My prediction is this: people will come. After all, these venues are more than a place to grab a bite to eat: they are gathering spaces, community hubs, lifelines to many. The public will tolerate reduced menus, increased prices, slower service, queues and physical barriers in the name of safety and social distancing. They will even forgive teething troubles: we are in this together.
There will be many, however, no doubt led by the ever hungry media, who will seize on any news of a localised outbreak of Covid-19 following a relaxation of the lockdown.
In planning to open, members of the hospitality trade must abide by Government guidance to ensure that they can open safely. The guidance is detailed and should be read thoroughly. Here, we set out a few tips and consider the likely starting points as venues prepare to unlock their doors.
Government guidance sets out its five steps to working safely that underpin every piece of more detailed sector guidance for returning to work. The five steps comprise:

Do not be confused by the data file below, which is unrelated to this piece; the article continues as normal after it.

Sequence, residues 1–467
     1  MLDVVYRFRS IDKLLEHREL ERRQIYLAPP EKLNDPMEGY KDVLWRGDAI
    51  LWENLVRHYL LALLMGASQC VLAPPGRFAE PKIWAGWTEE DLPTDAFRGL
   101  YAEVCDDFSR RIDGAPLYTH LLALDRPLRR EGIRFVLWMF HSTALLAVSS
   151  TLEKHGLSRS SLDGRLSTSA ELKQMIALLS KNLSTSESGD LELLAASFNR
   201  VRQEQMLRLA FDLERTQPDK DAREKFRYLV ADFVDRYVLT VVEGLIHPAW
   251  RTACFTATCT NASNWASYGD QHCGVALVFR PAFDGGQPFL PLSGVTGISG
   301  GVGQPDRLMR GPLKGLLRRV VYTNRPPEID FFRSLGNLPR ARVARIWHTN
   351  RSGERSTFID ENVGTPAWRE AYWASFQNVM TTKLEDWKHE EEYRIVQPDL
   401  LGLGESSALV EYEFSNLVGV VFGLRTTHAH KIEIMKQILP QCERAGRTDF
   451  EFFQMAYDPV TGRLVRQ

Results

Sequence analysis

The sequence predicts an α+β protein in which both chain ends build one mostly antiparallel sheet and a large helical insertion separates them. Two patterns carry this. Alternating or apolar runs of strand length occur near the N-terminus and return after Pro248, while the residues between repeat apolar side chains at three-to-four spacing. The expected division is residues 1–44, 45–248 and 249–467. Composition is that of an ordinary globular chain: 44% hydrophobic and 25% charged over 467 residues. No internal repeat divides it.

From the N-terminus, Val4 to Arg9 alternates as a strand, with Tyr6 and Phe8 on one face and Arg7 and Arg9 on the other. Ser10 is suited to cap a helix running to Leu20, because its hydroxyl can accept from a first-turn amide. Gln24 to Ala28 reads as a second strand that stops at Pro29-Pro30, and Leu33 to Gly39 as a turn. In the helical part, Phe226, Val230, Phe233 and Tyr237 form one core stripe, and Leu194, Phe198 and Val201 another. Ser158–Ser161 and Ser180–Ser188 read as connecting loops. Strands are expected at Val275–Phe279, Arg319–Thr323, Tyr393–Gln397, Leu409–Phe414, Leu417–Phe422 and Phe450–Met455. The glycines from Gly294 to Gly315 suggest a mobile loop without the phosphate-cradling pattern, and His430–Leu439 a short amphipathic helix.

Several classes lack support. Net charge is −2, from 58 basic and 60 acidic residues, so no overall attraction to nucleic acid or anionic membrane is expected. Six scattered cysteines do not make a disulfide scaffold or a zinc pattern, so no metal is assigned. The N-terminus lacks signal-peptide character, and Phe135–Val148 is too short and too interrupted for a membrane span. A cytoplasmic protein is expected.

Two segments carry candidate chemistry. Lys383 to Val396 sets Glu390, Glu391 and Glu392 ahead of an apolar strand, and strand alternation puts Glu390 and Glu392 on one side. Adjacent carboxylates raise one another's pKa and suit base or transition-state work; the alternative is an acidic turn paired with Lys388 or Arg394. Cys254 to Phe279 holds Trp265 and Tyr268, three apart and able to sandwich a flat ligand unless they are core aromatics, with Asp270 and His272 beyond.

Guidance relating to on-premises food service has now been released. Where guidance is followed, that will usually mean that a business is doing the right thing but businesses will need to bear in mind that guidance is not the law. There is no one-size-fits-all approach and each business will need to consider carefully whether it can put in place appropriate controls to manage the risks enabling it to reopen its doors to the public.
Horror stories abound: waiting staff in full hazmat suits? Each table to be contained within a little Perspex greenhouse? Self-service hatches for collection with excitable diners, let off the leash and in full celebratory swing perhaps lacking the finer skills of balance…?